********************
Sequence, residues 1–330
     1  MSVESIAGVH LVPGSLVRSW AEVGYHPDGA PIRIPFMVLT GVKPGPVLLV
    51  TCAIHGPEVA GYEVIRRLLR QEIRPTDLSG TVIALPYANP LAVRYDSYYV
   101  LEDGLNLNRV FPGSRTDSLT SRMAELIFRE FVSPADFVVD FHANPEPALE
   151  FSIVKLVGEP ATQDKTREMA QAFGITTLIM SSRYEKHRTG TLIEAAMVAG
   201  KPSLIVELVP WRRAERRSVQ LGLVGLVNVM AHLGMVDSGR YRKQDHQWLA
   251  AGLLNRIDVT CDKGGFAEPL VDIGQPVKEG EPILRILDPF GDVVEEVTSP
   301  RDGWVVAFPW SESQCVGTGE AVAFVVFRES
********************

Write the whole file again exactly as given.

Sequence, residues 1–330
     1  MSVESIAGVH LVPGSLVRSW AEVGYHPDGA PIRIPFMVLT GVKPGPVLLV
    51  TCAIHGPEVA GYEVIRRLLR QEIRPTDLSG TVIALPYANP LAVRYDSYYV
   101  LEDGLNLNRV FPGSRTDSLT SRMAELIFRE FVSPADFVVD FHANPEPALE
   151  FSIVKLVGEP ATQDKTREMA QAFGITTLIM SSRYEKHRTG TLIEAAMVAG
   201  KPSLIVELVP WRRAERRSVQ LGLVGLVNVM AHLGMVDSGR YRKQDHQWLA
   251  AGLLNRIDVT CDKGGFAEPL VDIGQPVKEG EPILRILDPF GDVVEEVTSP
   301  RDGWVVAFPW SESQCVGTGE AVAFVVFRES